Hello!

Hi and welcome to my first blog post, I am happy to see you here!

Often it is hard for people to talk about themselves, especially authors, who as John Green said is ‘a profession for introverts’, so I am posting an interview I did with a popular blog for the launch of Blood Feud last month. I hope you enjoy it, and enjoy finding out a bit more about me. If you have any questions, or things you would like to see in this blog series please email me, I always like hearing from fans of my work.

I am a former army officer, and freelance journalist. I was born in South Africa and travelled the world, before going to university.
I have a degree in Politics and International Relations. After graduation I moved to London, and joined the army. I have lived in eight countries and travelled to over forty, which he uses to influence and colour his novels.
After almost a decade in the Armed Forces, I resigned my commission to write thrilling adventure novels. I really like seeing new places, learning new things, and riding motorcycles through the vineyards of the Iberian Peninsula and Cape Winelands.

If you would like to see and hear more, please follow me on social media here:

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Can you, for those who don’t know you already, tell something about yourself and how you became an author?

I was born in South Africa to British stock. My Grandparents emigrated from Scotland to South Africa after WWII. I have lived in 8 countries in total (the USA, Scotland, England, Germany, Thailand, Kuwait, South Africa and Northern Ireland) and travelled to over 40. I spent almost a decade in the British Army and retired as a Captain. I have always wanted to be an author.

Which books did/do you love to read as a child/now as a grown-up?

I am fortunate that my mother was a very wide reader. We were always fortunate to have books in the house, I grew up reading fiction books about Africa mostly, Alan Paton’s Cry the Beloved Country, Wilbur Smith’s Courtney series, Christopher Sherlock’s Hyena Dawn, Jeffery Archer’s early novels, are the ones I remember from a young age.
I started reading more non-fiction, like Andy McNab’s Bravo Two Zero and Immediate Action as a teenager. I also read Hunter S. Thompson as a teenager, The Rum Diary is a very underrated first novel. And I loved, and still love, reading Hemingway. The Sun Also Rises is by far my favourite novel, closely followed by his Nobel Prize winning; The Old Man and the Sea. Elmore Leonard is someone I have a newfound appreciation for as a new author. His novel Out of Sight is very funny. A man’s got to take a lot of punishment to write a really funny book.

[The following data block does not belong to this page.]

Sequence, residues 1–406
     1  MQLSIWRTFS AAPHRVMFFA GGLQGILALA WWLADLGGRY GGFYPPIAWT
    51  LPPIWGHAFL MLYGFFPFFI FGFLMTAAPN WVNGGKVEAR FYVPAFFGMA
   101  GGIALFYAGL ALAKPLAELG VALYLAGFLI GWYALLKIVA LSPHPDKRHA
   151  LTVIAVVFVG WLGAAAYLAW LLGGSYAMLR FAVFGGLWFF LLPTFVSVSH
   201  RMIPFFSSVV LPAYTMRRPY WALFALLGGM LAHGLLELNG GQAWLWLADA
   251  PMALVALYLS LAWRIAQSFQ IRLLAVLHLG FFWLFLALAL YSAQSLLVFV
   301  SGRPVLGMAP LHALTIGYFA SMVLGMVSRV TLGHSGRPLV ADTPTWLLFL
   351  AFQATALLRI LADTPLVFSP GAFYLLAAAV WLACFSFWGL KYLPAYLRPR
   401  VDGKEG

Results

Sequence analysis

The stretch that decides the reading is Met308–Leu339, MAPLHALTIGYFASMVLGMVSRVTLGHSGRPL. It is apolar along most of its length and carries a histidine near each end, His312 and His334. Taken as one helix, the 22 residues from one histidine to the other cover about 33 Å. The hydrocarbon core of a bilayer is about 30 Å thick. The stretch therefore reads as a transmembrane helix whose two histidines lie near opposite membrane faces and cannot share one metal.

Is there a writer whose brain you would love to pick for advice? Who would that be and why?

One thing we (as a species) are very lucky to have – although he asked for them to be destroyed in his will – are all of Hemingway’s correspondence, letters, manuscripts and interviews. If I could sit down and have a conversation with an author, it would be Hemingway, or Hunter S. Thompson. I am sure it would turn into a hard drinking session.

If you could, which fictional character (from your own book(s) or someone else’s) would you like to invite for tea and why?

I think sitting around a campfire, under the Milky Way with VD and Doc – from my novel Blood Feud – would be exhilarating, especially if a lion turned up!

Do you have some rituals or habits whilst writing?

I am not sure, I don’t think so.

Where do you come up with your idea(s)? Do people in your life need to be worried?

I like Stephen King’s response to this, and I think I will channel him here: “These people say ‘man, where do you get your ideas?’ I dunno where I get ‘em! You know, and if I did man, would I tell you!?” – Stephen King.

How do you plot your novels?

With Blood Feud I wrote it linearly, end to end … I didn’t plot it. I subsequently learned that this is the same way that Lee Child writes his Jack Reacher novels. And, I think it is better to work like that. I think you need the inspiration and creativity when it comes to writing, and for me, if you rely on a framework or plan it can limit your ability to really feel where the story wants to go. It’s like a river, the story will flow where it is supposed to go, and if you try and dam it, you are fighting a losing battle.

Can you give novice writers some tips (do’s/don’ts)?

Find your favourite author, and try to beat the best thing they have ever written.
Every writer has learned their craft the hard way, by chipping away at it, like a block of marble. So, chip away at it, but you must love what you are doing, because the process never ends, we are all just at different stages of the journey.

What are your future plans as an author?

I am working on three Stirling Hunt novels right now.
A prequel to Blood Feud called Dangerous Cargo which takes place immediately before the events described in Blood Feud, when Stirling was still an ambitious Regimental Intelligence Officer in the Special Boat Service (SBS). And the second in the series, called Black Beach. And the third in the series. People who have read Blood Feud have really seemed to like it, so that has been encouraging, and encouraged me to keep going.

And my book of course can be found here:

Blood Feud

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